As the Coronavirus spreads across the globe, we find ourselves in unsettling times. But it’s teaching us that we are all connected – all part of one big family. This virus has no passport or nationality, and it doesn’t care about your skin color or your politics. Happily, nations are beginning to come together to share information and to try to save as many lives as possible.
Most of us have never seen times like these, and the situation changes daily. In the UK the prime minister gives us an update every evening, and as the scientists learn more, we are asked to adjust our habits and lifestyles.
At this time in London we are advised not to go out unless it’s necessary and, of course, to keep a “social distance.” Restaurants, pubs, cinemas, and theaters are closed, and London streets are strangely empty.
One concept we are becoming familiar with is isolation. It’s also referred to as lockdown, quarantine, or confinement. Basically, we are being told to stay home in order to keep ourselves and others from spreading the virus.
This isolation is easier for some of us than others. Being an introvert and a writer working from home, it’s not much of a change for me. My husband, on the other hand, thrives on mingling with others. I think we are in for an interesting time…
We are so lucky to be living in the age of the internet where we can all still be connected even if we can’t be together physically. Lots of people are able to work from home and we can still have virtual meetings. In fact, we may even find that some of those business meetings we attended were unnecessary.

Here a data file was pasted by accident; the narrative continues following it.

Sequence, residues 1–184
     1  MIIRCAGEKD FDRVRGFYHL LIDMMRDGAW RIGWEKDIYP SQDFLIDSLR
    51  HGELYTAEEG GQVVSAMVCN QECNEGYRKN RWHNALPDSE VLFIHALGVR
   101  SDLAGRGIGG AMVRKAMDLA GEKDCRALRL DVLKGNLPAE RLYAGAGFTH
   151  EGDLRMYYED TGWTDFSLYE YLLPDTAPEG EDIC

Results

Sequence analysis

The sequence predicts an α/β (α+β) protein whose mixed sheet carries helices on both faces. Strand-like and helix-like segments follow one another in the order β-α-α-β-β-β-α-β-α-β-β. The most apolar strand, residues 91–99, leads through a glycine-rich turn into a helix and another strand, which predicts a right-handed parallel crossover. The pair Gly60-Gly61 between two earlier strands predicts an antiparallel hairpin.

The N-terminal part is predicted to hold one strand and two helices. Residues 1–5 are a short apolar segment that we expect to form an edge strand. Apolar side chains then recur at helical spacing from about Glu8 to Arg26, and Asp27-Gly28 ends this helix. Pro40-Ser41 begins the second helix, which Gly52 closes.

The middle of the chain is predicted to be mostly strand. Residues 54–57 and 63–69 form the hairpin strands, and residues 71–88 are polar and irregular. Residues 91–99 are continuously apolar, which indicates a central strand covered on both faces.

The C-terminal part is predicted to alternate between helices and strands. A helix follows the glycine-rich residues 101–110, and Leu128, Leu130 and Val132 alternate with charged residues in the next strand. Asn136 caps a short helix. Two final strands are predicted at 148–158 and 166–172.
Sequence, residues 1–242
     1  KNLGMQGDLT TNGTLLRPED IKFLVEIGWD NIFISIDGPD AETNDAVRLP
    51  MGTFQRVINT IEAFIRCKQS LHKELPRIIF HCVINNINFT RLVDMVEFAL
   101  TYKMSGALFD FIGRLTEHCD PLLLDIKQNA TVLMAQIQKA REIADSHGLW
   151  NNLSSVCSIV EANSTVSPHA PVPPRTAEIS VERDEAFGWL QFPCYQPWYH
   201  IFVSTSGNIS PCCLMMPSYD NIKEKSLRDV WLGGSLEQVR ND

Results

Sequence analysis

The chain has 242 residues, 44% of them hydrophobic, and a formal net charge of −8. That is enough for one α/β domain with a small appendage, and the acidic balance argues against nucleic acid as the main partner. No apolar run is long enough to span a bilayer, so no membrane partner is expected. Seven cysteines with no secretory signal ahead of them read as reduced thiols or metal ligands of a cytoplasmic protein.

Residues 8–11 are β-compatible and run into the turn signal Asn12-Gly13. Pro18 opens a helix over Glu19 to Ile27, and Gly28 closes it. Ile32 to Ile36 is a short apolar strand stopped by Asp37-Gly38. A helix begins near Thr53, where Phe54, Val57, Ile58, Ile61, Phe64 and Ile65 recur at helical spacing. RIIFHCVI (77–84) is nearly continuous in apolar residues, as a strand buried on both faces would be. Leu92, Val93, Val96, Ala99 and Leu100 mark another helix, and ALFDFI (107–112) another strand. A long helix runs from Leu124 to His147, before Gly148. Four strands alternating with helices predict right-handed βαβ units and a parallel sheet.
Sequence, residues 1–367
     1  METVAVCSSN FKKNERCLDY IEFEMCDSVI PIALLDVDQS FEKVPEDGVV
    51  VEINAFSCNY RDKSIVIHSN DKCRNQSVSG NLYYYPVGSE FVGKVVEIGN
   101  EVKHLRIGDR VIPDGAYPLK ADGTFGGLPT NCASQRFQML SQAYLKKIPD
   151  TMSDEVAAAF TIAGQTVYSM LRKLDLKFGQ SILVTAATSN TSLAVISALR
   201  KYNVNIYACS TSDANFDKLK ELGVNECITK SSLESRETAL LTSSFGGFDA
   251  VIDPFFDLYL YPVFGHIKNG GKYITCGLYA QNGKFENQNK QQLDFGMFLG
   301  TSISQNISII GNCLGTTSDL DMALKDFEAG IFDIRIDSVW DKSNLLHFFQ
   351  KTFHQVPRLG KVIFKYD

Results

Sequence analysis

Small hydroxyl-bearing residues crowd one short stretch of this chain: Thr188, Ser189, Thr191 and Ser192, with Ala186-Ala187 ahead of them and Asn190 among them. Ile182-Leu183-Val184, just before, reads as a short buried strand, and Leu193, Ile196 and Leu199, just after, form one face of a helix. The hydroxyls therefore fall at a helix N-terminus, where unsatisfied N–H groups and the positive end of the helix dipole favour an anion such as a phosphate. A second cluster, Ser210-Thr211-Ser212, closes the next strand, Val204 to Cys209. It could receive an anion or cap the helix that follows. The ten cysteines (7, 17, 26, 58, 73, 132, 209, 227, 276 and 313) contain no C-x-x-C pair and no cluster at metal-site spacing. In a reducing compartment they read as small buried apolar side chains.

Many people will have to work from home and take care of children who are out of school – so their time of quarantine might be quite hectic. But for others it could be a time to quiet themselves a bit and be creative.
In 1665 Cambridge University closed because of the plague and sent its students home. One of those students was Isaac Newton. While he was sitting home waiting for the plague to run its course, he came up with the beginnings of calculus and the theory of gravity.
During a later plague in London, all the theatres closed down and Will Shakespeare had time on his hands. He used his free time to write Macbeth, Anthony and Cleopatra, and possibly King Lear.
So, no pressure…
Many resources have been put online for those who need to keep their minds busy.
- Take a Course: Open Culture gives you access to 1,500 free online courses from top universities. Click here for free courses.
- Visit a Museum: Here are 12 famous museums which offer virtual tours. Click here for museum tours.
- Watch a Performance: If you’re missing going to the theatre, check out these London stage productions now put online. Click here to see London shows.
- Read: There are endless choices of reading material online. Here is a list of free eBooks and audio books. I might also humbly suggest that there are lots of interesting stories on my blog, CuriousRambler.com. And you can also have a look at my books.
- Learn French: If you or your child are learning French, you might like this. Camille from French Today is offering a free download of Classic French Tales until April 15.
While we are going thought these trying times, let’s remember to thank those who continue working to make us safe and keep society running. Thank you to all the health care workers, emergency service workers, delivery drivers, supermarket workers, and many more.
Coming Together While Staying Apart
Even though we have social media and can stay in contact, it’s still not quite like actually seeing and hearing someone. It was so moving to see videos of the Italian people in quarantine who all opened their windows and began to sing and play music at the same time. They were showing their solidarity while still keeping their distance and protecting one another. It was a wonderful idea.
If you are looking for some timely social distancing songs to sing throughout your time of quarantine, have a listen to these. They get the message across with a laugh.
Stay well and keep safe,
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